IBS Symptoms? Doctor Explains How Antidepressants Can Help

Dr Karan Raj reveals all.
Grace Cary via Getty Images

Now I know what you’re thinking: how on earth are antidepressants going to help with my irritable bowel syndrome (IBS)?

Well, you’ll be surprised (and possibly relieved if you suffer from symptoms) to know sometimes low doses of antidepressants can be prescribed for IBS, even if you’re not depressed.

“Antidepressants can reduce pain sensations, rectal hypersensitivity and other symptoms in IBS sufferers,” explains Pillcheck. “Research has shown that two main types of antidepressants (SSRIs and TCAs) help IBS symptoms.”

Irritable bowel syndrome (IBS) is a common condition affecting the digestive system, which causes symptoms such as stomach cramps, bloating, diarrhoea and constipation.

Unfortunately there’s no cure, which is why lifestyle changes and certain medicines are usually prescribed to try and help relieve symptoms.

So… how do antidepressants help?

In short: antidepressants can ease IBS symptoms because some of the chemicals that regulate a person’s mood can also regulate the digestive system.

It’s all about the gut-brain connection. Medical expert Dr Karan Raj took to TikTok to explain how your gut and brain health are connected, and suggested there is bidirectional feedback between the two.

The antidepressant works on the nerve cells, said Dr Karan Raj. “You’ve got a nervous system in the gut, so the antidepressant helps with IBS symptoms,” he added.

“Antidepressants are thought to work for IBS by affecting the levels of certain chemicals in the brain and gut, such as serotonin and norepinephrine, that can affect pain and mood,” according to private gastroenterologist Dr Ahmed Albusoda.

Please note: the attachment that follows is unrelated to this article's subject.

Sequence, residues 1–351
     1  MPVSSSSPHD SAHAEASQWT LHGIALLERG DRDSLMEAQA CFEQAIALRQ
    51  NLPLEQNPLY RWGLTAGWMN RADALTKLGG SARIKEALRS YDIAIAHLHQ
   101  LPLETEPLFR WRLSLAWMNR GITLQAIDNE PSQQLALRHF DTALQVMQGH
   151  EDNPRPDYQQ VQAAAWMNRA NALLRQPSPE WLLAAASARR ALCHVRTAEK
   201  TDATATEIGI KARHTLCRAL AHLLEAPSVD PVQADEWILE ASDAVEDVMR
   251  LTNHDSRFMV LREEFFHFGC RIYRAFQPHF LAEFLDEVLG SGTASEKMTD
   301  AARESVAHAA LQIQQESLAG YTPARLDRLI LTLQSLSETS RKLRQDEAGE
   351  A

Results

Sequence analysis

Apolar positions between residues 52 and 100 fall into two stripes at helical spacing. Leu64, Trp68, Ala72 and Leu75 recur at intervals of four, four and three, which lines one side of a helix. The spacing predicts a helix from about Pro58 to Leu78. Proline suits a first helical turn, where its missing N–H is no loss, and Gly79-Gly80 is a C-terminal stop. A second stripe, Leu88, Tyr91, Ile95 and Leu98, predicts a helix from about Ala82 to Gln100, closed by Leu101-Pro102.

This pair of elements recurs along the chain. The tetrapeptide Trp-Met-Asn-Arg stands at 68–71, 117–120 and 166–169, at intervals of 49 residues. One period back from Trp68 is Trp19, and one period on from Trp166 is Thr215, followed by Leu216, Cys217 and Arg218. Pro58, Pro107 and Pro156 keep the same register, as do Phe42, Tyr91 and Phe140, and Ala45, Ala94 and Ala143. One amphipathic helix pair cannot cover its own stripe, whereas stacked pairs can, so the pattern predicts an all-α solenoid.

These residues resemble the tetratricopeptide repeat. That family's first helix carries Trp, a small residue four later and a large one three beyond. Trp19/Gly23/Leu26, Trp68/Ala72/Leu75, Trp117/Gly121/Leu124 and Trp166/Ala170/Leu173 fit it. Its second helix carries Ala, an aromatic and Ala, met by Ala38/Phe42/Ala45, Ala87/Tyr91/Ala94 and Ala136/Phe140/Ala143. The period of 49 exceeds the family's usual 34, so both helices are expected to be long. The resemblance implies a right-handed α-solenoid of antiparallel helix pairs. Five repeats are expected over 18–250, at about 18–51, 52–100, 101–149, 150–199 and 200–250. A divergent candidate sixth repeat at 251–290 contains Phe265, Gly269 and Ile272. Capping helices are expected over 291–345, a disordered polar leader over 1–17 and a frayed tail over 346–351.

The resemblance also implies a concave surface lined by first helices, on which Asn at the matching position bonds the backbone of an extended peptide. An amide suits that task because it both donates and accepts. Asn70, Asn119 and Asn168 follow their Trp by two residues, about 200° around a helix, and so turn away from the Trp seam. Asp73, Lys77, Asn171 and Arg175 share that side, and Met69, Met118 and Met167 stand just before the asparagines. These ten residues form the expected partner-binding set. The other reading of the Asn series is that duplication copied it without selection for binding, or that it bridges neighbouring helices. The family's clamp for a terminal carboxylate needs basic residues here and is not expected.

“These chemicals are involved in the gut-brain axis, which is the complex communication system between the brain and the digestive system.”

Antidepressants can affect gastrointestinal motility – so basically the muscle contractions that move food through your gastrointestinal tract – and also reduce abdominal pain.

Which antidepressants do people take for IBS?

Tricyclic antidepressants (TCAs) are the most commonly used to treat IBS.

The National Institute for Health and Care Excellence (NICE) recommends people are started on a low dose – for example, amitriptyline 5-10mg at night – with a view to slowly increasing the dose over time.

TCAs can help reduce pain and improve bowel function, according to Healthline.

Selective serotonin reuptake inhibitors (SSRIs) are more commonly used to treat depression and anxiety but could also be used to help reduce abdominal pain and improve bowel function.

Typically, SSRIs are considered for people who don’t respond to TCAs.

We need to talk about the risks…

There are a number of risks and side effects associated with taking antidepressants, especially when you’re not using them for their intended purpose.

Common side effects of SSRIs include:

  • Feeling agitated, shaky or anxious
  • Nausea/dizziness
  • Blurred vision
  • Low sex drive
  • Difficulty achieving orgasm during sex or masturbation
  • Erectile dysfunction
  • Indigestion/stomach aches
  • Insomnia
  • Loss of appetite
  • Headaches

Common side effects of TCAS include:

  • Dry mouth
  • Blurred vision
  • Constipation
  • Trouble urinating
  • Dizziness/drowsiness
  • Weight gain
  • Excessive night sweats
  • Heart rhythm problems.